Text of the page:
10. Wind

L. Wind Power Milestones

Early 1900s to 1950 Early wind power in the United States Windmills were used to pump water and were also used for remote electricity generation.
1941 First grid-connected electricity On a hilltop in Rutland, Vermont, "Grandpa's Knob" wind generator supplied power to the local grid for several months during World War II. The Smith- Putnam machine was rated at 1.25 megawatts in winds of about 30 miles per hour. It was removed fromservice in 1945.
1973 OPEC oil embargo Oil and gas prices rose, increasing interest in alternative energy sources.
1974-1975 NASA's MOD-0 developed The MOD-0, a horizontal axis wind turbine was developed at the NASA Lewis Research Center in Cleveland, Ohio.
1977-1981 MOD-0, MOD-1, and MOD-2 developed and tested Four MOD-0As, rated at 200 kilowatts each, were placed at utility sites around the country for tests between 1977 and 1980. The MOD-1, with a 2-megawatt capacity rating, the first wind turbine rated over 1 megawatt, began operating in 1979.
1978 Public Utility Regulatory Policies Act (PURPA) enacted PURPA mandated the purchase of electricity from qualifying facilities (QFs) meeting certain technical standards regarding energy source and efficiency. PURPA also exempted QFs from both State and Federal regulation under the Federal Power Act and the Public Utility Holding Company Act.
1979 Federal funding for wind power research and development (R&D) exceeds $50 million U.S. Department of Energy (DOE) funding for wind power R&D was $59.6 million in fiscal year 1978 (current year dollars), marking the first time the funding level surpassed $50 million. It remained above $50 million until fiscal year 1982, when it was reduced to $16.6 million (current year dollars).
1980 Crude Oil WindfallProfits Tax Act The Act increased the business energy tax credit to 15 percent. Combined with an investment tax credit passed earlier, the total Federal tax credit for a wind turbine was 25 percent. In addition, California had a 25- percent State tax credit in the early 1980s, bringing the effective tax credit to nearly 50 percent.
1983 Interim Standard Offer Number 4 (ISO4) contracts in California Because of a projected capacity shortfall, California utilities contracted with facilities that qualified under PURPA to generate electricity independently. The ISO4 contracts set a price based on long-run costs avoided by not building the coal plants that had been planned. The contracts, combined with favorable tax incentives mentioned above, encouraged the installation of many hastily designed wind turbines in California in the early 1980s.
1985 California wind capacity at 1 gigawatt Most of California's wind capacity, which totaled more than 1,000 megawatts in 1985, was installed on the Tehachapi and Altamont Passes.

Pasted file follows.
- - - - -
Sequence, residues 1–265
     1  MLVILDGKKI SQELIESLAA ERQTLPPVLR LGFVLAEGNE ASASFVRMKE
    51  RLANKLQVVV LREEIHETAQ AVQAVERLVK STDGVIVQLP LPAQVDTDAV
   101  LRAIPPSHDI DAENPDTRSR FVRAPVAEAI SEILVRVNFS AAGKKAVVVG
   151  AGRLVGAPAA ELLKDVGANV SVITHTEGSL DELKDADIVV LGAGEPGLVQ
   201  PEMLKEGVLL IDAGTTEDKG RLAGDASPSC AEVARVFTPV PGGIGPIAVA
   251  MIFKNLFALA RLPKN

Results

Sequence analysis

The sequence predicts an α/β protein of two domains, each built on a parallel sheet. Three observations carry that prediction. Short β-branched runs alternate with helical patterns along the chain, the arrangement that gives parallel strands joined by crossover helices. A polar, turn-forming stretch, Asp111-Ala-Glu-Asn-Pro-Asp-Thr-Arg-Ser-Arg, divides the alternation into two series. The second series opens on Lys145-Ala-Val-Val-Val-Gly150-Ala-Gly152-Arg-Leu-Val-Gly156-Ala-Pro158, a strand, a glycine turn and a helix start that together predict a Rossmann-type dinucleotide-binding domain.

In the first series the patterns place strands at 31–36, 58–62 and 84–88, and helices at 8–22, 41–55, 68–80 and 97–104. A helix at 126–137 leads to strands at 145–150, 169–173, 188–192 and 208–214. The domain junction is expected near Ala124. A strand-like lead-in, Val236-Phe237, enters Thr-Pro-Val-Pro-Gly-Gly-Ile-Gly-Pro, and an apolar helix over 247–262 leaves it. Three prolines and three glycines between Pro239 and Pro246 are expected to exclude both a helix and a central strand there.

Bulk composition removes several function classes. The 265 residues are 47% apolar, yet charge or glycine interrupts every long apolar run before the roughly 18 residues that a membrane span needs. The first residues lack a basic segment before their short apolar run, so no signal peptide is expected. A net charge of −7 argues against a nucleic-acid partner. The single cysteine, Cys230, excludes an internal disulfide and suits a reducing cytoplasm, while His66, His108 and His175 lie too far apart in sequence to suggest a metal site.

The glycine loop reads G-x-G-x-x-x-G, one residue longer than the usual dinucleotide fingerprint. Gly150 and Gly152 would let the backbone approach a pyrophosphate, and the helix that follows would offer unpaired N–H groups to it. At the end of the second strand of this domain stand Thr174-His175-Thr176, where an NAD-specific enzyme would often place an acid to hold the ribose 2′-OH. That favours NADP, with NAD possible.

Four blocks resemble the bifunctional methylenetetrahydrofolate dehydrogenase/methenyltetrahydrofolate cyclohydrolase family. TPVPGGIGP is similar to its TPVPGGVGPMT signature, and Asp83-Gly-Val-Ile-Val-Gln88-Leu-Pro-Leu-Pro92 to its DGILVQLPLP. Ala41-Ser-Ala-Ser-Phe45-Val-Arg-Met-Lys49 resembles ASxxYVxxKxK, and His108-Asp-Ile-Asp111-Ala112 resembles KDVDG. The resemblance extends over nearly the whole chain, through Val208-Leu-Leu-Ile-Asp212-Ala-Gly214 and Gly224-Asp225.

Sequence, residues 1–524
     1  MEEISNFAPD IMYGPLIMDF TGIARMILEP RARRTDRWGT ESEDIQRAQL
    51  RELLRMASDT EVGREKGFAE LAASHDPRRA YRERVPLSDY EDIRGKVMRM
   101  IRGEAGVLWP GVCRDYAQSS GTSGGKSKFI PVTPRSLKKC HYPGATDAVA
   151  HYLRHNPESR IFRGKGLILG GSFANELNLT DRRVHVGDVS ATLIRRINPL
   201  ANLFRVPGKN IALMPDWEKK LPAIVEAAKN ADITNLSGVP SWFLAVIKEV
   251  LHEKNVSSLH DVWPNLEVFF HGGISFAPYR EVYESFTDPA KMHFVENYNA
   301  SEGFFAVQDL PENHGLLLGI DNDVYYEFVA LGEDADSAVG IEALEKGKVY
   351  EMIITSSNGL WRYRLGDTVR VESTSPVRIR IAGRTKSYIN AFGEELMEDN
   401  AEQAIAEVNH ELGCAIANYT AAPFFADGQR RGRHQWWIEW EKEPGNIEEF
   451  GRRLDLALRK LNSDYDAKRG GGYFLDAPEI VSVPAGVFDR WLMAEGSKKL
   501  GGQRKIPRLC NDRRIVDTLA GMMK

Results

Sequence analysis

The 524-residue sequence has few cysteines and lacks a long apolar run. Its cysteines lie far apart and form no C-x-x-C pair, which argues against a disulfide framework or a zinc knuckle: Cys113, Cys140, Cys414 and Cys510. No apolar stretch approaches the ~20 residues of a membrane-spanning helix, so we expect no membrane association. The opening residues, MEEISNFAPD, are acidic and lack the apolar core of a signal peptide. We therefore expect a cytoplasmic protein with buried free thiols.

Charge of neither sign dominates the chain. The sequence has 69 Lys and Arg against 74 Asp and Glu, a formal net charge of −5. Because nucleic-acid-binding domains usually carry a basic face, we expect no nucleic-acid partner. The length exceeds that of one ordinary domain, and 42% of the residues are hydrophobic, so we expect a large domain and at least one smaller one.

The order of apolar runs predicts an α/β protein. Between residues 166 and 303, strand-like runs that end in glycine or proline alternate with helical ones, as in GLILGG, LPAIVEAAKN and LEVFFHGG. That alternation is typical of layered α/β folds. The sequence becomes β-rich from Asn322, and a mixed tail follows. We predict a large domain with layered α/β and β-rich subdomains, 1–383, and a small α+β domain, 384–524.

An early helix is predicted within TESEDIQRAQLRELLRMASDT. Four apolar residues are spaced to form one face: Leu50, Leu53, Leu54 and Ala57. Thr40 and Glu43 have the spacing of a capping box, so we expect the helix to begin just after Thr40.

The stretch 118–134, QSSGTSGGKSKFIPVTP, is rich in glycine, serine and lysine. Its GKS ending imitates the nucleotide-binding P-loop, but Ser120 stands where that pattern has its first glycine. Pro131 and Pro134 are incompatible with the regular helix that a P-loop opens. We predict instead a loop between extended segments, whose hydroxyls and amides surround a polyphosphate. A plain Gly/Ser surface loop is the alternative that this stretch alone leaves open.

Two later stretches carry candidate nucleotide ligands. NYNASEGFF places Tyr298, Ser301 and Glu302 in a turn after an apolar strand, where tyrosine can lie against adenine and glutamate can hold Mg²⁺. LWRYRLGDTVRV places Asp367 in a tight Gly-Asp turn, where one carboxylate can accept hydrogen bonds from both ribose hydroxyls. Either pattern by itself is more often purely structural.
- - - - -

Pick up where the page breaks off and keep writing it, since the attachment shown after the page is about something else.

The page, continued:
1988 Decline in cumulative wind capacity Many of the hastily installed turbines of the early 1980s were removed and later replaced with more reliable models.
1989 Low point in Federal funding for wind power Throughout the 1980s, DOE funding for wind power R&D declined, reaching its low point in fiscal year 1989.
1990 California wind capacity in excess of 2 gigawatts In 1990, more than 2,200 megawatts of wind energy capacity was installed in Californiažmore than half of the worldžs capacity at the time.
1992 Energy Policy Act The Act reformed the Public Utility Holding Company Act and many other laws dealing with the electric utility industry. It also authorized a performance tax credit of 1.5 cents per kilowatthour for wind-generated electricity.
1993 33M-VS commercially available The 33M-VS was one of the first commercially available, variable-speed wind turbines. U.S. Windpower developed the 33M-VS over a period of 5 years, with final prototype tests completed in 1992. The $20 million project was funded mostly by U.S. Windpower, but also involved Electric Power Research Institute (EPRI), Pacific Gas & Electric, and Niagara Mohawk Power Company.
1995 FERC prohibition on QF contracts above avoided cost In a ruling against the California Public Utility Commission, FERC refused to allow a bidding procedure that would have the effect of allowing rates above avoided cost from renewable QFs.
Mid-1990s ISO4 contract rollover in California at lower rates Ten-year QF contracts written during the mid-1980s at rates of 6 cents per kilowatthour and higher began rolling over at mid-1990s avoided costs of about 3 cents per kilowatthour. This " 11th-year cliff" creates financial hardship for most QFs on ISO4 contracts.
1995 DOE wind program lowers technology costs DOE's advanced turbine program, funded at $49 million, has led to new turbines with energy costs of 5 cents per kilowatthour of electricity generated.

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